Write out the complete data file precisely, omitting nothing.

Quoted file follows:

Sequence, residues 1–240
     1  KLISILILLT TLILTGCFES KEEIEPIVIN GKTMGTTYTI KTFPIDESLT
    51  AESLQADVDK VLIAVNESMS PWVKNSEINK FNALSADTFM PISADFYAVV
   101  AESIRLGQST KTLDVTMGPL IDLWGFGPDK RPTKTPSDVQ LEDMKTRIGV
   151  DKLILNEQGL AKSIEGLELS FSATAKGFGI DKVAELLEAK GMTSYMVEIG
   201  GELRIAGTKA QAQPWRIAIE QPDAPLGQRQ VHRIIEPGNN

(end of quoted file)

Sequence, residues 1–240
     1  KLISILILLT TLILTGCFES KEEIEPIVIN GKTMGTTYTI KTFPIDESLT
    51  AESLQADVDK VLIAVNESMS PWVKNSEINK FNALSADTFM PISADFYAVV
   101  AESIRLGQST KTLDVTMGPL IDLWGFGPDK RPTKTPSDVQ LEDMKTRIGV
   151  DKLILNEQGL AKSIEGLELS FSATAKGFGI DKVAELLEAK GMTSYMVEIG
   201  GELRIAGTKA QAQPWRIAIE QPDAPLGQRQ VHRIIEPGNN